I grew up with model kits in the 1970s and 1980s, and I’ve always loved them.
And neither of those qualities, incidentally, is the same thing as being good at building model kits.
My father is a truly great model-builder, but I don’t think I have ever possessed the patience, coordination or necessary skill to build great models, and then to paint them as well. Most of the time, I just wanted to play with the kits immediately after assembly and begin my imaginative adventures in the final frontier.
Still, I have terrific childhood memories of sci-fi model kits from decades-past. Starting from the time I was probably five or six, my father would purchase a model kit for me almost weekly from a hobby shop in nearby Bloomfield, New Jersey, and spend Friday evening assembling it for me.
I would have to go to bed before he finished gluing and painting, but first thing the next morning, I would spring up from bed and find the completed, painted – gorgeous — model waiting for me on the staircase leading up to the attic, which was right outside my bedroom.
It was always a spectacular thing, to wake up Saturday morning to a new toy, essentially. After breakfast and some Saturday morning television, I was off to worlds of fantasy and excitement…
I still remember my Dad’s work station in the house where I grew up on Clinton Road in Glen Ridge. Behind the family room sofa, he had a table (with wobbly legs…) and atop it was a giant gray box. Inside that large flip-up box were all of his modeling supplies, from utility knives to paints, to clamps and sand paper.
In a narrow space nearest to him, on the other side of the box, he had his assembly area. I still remember that the surface of the table was splotched and blotted with paint droplets. Sometimes, when I was very little, I would sit at his table during the day and try to scratch the paint off with my fingers, for some reason. I also have lots of memories of watching my Dad working on my models at his “station,” occasionally looking up to catch what was happening on Wonder Woman, The Incredible Hulk, or The Bionic Woman.
Since I’ve always been a space adventure fan, the kits my father built for me were when I was little were usually of the Star Trek or Space: 1999 variety: starships and moon bases and the like. That was where my tastes went, but my Dad was also a great builder of his own kits, primarily tanks from the World War II era.
One morning in the early 1970s that I’ll never forget, I found on those stairs outside my room a completed Star Trek exploration set from AMT, consisting of the famous communicator, phaser, and tricorder. That kit really made my weekend, and I promptly took the Starfleet equipment out on landing party duty (by the nearby train tracks and field, where I played…).
I also remember going to that same hobby shop in Bloomfield some time in 1978 — before Battlestar Galactica actually premiered on ABC — and seeing on the shelves the whole line of Monogram model kits from the series, including Colonial Vipers and Cylon Raiders. At that point, I had no idea what a “Colonial” or “Cylon” was, but I knew I had to have those spaceship kits, and my father, as usual, indulged me.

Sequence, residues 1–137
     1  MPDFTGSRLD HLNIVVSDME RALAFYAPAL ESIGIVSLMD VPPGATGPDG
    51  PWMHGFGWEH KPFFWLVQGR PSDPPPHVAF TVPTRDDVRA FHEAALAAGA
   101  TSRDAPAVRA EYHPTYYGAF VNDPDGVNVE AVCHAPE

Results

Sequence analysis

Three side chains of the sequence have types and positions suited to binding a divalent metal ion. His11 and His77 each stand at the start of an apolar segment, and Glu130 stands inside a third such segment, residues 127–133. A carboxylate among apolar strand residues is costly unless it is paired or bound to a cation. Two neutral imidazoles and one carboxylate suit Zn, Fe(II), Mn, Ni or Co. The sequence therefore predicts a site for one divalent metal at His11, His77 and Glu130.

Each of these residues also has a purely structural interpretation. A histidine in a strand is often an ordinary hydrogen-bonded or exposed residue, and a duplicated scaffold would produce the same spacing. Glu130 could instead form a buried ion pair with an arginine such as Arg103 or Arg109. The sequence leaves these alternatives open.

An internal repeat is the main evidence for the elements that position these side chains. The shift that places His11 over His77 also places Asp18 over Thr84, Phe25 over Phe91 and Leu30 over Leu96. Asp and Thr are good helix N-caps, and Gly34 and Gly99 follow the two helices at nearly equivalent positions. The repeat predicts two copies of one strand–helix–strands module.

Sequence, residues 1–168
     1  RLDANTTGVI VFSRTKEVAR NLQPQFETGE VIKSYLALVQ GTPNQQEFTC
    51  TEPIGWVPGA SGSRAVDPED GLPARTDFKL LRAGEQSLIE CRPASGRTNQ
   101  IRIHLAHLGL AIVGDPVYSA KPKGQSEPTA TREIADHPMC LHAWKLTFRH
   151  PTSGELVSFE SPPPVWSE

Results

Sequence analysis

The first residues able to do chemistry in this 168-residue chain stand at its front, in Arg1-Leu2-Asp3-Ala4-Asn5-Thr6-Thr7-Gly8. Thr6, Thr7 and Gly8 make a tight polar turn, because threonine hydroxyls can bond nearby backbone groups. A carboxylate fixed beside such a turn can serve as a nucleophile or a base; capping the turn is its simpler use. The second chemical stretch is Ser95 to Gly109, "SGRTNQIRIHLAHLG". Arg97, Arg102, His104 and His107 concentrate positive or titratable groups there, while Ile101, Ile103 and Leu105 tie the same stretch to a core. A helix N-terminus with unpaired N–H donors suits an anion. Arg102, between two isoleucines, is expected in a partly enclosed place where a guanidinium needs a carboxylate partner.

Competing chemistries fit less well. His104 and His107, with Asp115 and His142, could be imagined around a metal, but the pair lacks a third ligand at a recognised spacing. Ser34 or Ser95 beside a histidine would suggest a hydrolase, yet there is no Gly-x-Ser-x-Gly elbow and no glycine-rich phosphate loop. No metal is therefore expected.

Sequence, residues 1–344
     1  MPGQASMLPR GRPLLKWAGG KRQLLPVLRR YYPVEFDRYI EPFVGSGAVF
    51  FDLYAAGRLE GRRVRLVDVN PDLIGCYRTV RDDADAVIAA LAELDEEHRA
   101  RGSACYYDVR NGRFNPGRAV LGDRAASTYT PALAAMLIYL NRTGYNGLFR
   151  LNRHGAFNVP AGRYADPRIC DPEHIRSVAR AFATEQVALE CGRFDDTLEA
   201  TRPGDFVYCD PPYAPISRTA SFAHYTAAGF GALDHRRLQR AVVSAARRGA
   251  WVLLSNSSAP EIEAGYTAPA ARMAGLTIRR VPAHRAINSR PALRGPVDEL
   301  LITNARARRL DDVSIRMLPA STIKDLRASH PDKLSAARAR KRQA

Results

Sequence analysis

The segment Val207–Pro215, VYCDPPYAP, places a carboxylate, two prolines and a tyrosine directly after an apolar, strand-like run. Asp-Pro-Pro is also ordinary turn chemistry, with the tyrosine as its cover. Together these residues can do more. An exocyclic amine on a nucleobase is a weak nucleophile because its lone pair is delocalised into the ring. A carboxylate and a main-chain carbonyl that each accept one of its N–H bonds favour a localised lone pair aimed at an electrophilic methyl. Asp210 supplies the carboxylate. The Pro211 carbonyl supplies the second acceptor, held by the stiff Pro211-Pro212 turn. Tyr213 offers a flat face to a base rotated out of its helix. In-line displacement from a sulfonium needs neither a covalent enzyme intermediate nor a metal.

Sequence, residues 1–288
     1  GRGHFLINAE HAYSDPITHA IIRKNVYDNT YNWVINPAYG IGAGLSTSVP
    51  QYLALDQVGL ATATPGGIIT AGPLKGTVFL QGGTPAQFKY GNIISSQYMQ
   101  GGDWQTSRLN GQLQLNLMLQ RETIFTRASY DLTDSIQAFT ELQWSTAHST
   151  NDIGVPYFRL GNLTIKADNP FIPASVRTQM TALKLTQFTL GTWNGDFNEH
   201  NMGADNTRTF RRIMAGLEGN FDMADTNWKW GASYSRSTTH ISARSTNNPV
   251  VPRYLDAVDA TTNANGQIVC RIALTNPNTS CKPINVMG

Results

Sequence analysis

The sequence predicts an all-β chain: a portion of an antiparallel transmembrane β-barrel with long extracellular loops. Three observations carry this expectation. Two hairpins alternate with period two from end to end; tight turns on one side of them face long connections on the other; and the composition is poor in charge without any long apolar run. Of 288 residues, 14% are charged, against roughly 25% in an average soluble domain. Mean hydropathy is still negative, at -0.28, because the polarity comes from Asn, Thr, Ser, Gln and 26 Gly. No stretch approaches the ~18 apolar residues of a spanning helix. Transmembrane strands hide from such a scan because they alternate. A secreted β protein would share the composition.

Another experience I recollect very clearly came in the winter of 1980 — when I was very ill — resting on the sofa in our family room and watching the Lake Placid Winter Olympics while my father built me an AMT Starship Enterprise. As bad as I felt physically, I also felt good because I knew for certain that the next morning I would wake up and have a beautiful Constitution class starship to play with.
When I became a pre-adolescent, my love of models didn’t abate. Now, my Dad and I would go out together on Saturdays and hunt for hobby shops all over New Jersey and sometimes in New York City. My Dad would always use the opportunity of model kit “hunting” trips to talk to me about how I was doing in school, how I was feeling, and on one occasion, he used our weekend ritual to fill me in on the facts of life…
Over the years of my childhood and adolescence I collected model kits from Star Trek, Space: 1999, Planet of the Apes, Star Blazers, Battlestar Galactica, Buck Rogers in the 25th Century, The Black Hole and other franchises. Eventually, I started building the models myself, but as I wrote above, I never was as good at the task as my Dad was. I did build a terrific Blue Thunder and Airwolf, when I went through my obsessive helicopter phase in 1983-1984, however.
And to this day, one of my all-time favorite models to build was “Gerry Anderson’s Starcruiser One,” a kind of three in-one spaceship from Airfix that, in my opinion, was an absolutely perfect spacecraft.
I have included with this post some photos of the model kits (boxes…) I’ve collected over the years. I know it’s a wealthy collector’s hobby today, and in 2012, there are toys available of the vast majority of these spaceships. But there’s still something incredibly special to me about a sci-fi model kit.
For when I was young, there was no other way to play with the starship Enterprise, except by AMT model kit.
Although I suppose most Star Trek fans would say that the famous Federation starship was constructed at the Naval Yards in Earth orbit, as a kid I knew with certainty that the great vessel was built – with a lot of love — at my Dad’s work table in the family room.